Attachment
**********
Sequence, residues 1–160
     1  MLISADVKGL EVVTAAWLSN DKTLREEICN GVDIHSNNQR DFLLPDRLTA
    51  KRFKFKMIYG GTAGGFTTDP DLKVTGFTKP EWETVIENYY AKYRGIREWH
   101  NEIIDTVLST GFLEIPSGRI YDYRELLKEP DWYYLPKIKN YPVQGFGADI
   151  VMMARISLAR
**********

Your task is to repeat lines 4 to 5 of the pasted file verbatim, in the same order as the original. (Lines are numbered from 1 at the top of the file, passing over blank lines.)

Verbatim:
   101  NEIIDTVLST GFLEIPSGRI YDYRELLKEP DWYYLPKIKN YPVQGFGADI
   151  VMMARISLAR